There are many reasons why people may hesitate to make a career transition to solopreneurship. Some common concerns that I’ve heard from people over the years — and some that I’ve personally experienced — include the following:
Will I be able to earn enough to make ends meet?
It’s easy to get caught up in the stories we hear on social media around tried and true methods for a successful launch or making your first $100k in under 60 days. The reality is that starting a business can be risky, and it may take time to begin generating a steady income. This can be a significant concern for those with financial obligations, a mortgage or single parents! Suppose you’ve been an employee most of your working life. In that case, you may be hesitant to leave your job because you value the security of a steady paycheck and benefits. All valid hesitations! Having a plan that includes various scenarios, cashflow planning, and broader external and internal factors affecting your business industry, along with a longer-term view, can provide more insight into your decision to make the leap.
Am I qualified to do this?
Many people may feel they need to acquire the necessary skills or experience to start their own business. While there is some truth to this, one of the ways we gain that experience is through doing. When I started my first business in 2009, I didn’t know how to build the platform needed to launch, nor did I feel confident about marketing my business. I learned on the go and gained many valuable skills that serve me well today. While having relevant qualifications or experience in the industry in which you plan to start your business can be beneficial, solopreneurship requires personal mastery, creativity, drive, and a willingness to take risks and learn from failures.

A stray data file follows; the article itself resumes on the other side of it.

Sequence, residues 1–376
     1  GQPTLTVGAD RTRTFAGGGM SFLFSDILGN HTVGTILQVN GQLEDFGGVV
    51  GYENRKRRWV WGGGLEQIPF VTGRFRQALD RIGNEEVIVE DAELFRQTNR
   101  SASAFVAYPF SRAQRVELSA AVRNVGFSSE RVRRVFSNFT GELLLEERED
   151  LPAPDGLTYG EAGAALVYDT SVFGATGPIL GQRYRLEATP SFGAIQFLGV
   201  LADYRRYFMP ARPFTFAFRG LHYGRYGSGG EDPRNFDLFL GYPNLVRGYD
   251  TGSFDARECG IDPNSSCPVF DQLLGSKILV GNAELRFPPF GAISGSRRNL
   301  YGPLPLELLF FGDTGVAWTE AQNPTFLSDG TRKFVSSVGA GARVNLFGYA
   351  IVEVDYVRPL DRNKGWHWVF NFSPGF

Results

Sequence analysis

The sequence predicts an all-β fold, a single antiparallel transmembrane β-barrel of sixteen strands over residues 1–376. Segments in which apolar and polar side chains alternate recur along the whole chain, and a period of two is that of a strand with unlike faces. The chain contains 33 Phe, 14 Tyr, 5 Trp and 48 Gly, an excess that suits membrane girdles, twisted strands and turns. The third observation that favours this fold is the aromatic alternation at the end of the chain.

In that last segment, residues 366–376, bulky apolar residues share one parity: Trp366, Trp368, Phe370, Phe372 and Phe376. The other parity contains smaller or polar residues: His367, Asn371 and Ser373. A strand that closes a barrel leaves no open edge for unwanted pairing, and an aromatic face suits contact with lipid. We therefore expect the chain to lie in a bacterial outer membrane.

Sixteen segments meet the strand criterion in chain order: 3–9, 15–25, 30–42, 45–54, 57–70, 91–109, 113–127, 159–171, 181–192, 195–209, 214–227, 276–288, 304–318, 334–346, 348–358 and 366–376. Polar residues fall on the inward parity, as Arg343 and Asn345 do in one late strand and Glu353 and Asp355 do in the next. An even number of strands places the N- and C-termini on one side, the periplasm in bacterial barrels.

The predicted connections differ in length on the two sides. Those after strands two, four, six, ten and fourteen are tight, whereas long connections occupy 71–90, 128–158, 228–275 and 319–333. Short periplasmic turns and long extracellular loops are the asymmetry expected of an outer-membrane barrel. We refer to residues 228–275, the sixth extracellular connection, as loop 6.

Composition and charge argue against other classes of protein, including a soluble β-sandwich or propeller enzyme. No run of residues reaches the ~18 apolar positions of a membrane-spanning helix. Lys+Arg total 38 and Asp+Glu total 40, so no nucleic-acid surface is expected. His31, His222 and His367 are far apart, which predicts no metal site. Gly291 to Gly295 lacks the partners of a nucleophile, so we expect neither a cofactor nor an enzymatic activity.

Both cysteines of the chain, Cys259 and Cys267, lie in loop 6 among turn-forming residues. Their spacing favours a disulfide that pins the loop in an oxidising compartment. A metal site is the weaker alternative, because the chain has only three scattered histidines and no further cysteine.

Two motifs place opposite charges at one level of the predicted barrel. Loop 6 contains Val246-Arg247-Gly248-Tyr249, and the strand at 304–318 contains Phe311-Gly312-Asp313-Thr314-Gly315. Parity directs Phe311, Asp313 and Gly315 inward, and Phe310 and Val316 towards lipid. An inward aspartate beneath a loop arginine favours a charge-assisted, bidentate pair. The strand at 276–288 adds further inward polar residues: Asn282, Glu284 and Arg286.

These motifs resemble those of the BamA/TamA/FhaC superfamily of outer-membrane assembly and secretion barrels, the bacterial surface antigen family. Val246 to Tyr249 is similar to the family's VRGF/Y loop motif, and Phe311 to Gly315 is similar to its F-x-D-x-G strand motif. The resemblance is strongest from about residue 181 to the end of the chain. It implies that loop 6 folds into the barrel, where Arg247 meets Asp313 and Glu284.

What if it doesn’t work out?
The fear of failure can be a major deterrent for those considering a career transition to solopreneurship. No one likes the idea of putting in a lot of hard work only to have their business fail. One of the ways I’ve helped manage my fears is to work on the skill of reframing. Rather than perceiving failure as a negative, reframing it as an opportunity to learn and grow has been empowering. Take small, incremental steps toward your goal, even if it means facing your fear of failure.
I feel like I’m alone on this journey.
Surrounding yourself with like-minded individuals who can co-motivate and inspire you when you begin to waver is essential. Some people may not have the support of their family or friends when starting a business, which can make the process feel intimidating. Joining networking groups and entrepreneurial communities, finding a mentor or engaging an executive coach are all ways that can help you feel less alone.
Am I self-motivated enough?
Being self-motivated is an important trait for a solopreneur, as it can help you to stay focused and motivated when working independently. Self-motivation can be developed and nurtured over time, and you can always work on building it up. However, self-motivation can vary depending on the person and can fluctuate depending on the situation. Some people may need the structure and routine of a traditional job to be productive.
Consider working with a coach or mentor who can guide you in developing self-motivation and help you to build a support system that can keep you on track and motivated.
I’m nervous about change
Finally, some people may be resistant to change and may be hesitant to leave their comfort zone. Change can be difficult and nerve-wracking, but it’s important to remember that change can also be an opportunity for growth and development. I often say that you’re not doing it right if you’re not scared! One of my favourite ways to manage the anxiety of the unknown has been to develop a consistent meditation and mindfulness practice. Cultivating my emotional intelligence has also helped me develop a healthier perspective.
Making the leap to solopreneurship can be a big decision, and it’s essential to be well-prepared before taking the plunge. Addressing these hesitations is a great first step. With a bit of support and persistence, these hesitations feel more manageable as time goes by.